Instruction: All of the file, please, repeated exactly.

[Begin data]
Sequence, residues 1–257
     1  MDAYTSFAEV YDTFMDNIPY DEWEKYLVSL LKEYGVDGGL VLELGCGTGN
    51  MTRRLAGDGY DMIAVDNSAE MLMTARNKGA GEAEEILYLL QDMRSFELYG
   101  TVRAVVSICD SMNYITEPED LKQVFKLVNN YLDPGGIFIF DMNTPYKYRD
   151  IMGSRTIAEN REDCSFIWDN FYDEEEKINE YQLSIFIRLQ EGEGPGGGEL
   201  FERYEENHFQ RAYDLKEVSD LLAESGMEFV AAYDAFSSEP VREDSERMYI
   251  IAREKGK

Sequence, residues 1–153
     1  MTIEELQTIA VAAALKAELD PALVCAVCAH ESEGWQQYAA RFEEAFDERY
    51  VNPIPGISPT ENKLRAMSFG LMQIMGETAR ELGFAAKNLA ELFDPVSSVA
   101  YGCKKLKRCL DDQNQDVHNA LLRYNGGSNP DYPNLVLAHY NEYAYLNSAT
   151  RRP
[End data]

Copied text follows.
Sequence, residues 1–257
     1  MDAYTSFAEV YDTFMDNIPY DEWEKYLVSL LKEYGVDGGL VLELGCGTGN
    51  MTRRLAGDGY DMIAVDNSAE MLMTARNKGA GEAEEILYLL QDMRSFELYG
   101  TVRAVVSICD SMNYITEPED LKQVFKLVNN YLDPGGIFIF DMNTPYKYRD
   151  IMGSRTIAEN REDCSFIWDN FYDEEEKINE YQLSIFIRLQ EGEGPGGGEL
   201  FERYEENHFQ RAYDLKEVSD LLAESGMEFV AAYDAFSSEP VREDSERMYI
   251  IAREKGK

Sequence, residues 1–153
     1  MTIEELQTIA VAAALKAELD PALVCAVCAH ESEGWQQYAA RFEEAFDERY
    51  VNPIPGISPT ENKLRAMSFG LMQIMGETAR ELGFAAKNLA ELFDPVSSVA
   101  YGCKKLKRCL DDQNQDVHNA LLRYNGGSNP DYPNLVLAHY NEYAYLNSAT
   151  RRP